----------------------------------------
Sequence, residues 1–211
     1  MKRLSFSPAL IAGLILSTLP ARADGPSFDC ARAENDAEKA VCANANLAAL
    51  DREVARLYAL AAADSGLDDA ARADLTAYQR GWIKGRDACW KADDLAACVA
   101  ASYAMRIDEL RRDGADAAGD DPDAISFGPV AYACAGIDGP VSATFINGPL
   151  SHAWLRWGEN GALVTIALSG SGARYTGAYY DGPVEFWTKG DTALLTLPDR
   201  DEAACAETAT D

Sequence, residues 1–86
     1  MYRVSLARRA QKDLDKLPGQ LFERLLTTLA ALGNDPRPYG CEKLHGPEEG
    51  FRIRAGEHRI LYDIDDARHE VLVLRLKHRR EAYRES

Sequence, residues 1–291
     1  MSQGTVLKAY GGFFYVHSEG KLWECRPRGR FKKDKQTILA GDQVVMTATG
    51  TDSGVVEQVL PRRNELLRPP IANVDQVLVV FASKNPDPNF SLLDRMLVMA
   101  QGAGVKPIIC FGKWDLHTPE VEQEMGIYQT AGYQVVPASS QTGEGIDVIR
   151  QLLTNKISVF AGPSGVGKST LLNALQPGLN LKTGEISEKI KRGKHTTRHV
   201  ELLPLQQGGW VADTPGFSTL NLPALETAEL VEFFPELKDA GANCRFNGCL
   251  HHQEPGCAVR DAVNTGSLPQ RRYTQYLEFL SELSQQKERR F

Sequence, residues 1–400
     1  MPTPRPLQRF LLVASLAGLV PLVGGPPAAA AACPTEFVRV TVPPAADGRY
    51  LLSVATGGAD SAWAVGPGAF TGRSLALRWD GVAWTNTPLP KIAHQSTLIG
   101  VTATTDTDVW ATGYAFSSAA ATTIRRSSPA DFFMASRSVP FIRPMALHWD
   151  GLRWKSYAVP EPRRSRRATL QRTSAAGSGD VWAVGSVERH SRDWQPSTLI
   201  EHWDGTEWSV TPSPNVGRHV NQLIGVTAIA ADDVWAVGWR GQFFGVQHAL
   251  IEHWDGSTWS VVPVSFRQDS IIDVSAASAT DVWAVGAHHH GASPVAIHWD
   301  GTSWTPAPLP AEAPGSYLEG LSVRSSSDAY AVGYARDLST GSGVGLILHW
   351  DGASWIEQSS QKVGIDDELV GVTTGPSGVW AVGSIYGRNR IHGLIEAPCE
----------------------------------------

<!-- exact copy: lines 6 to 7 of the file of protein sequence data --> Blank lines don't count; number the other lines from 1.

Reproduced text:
   201  DEAACAETAT D

Sequence, residues 1–86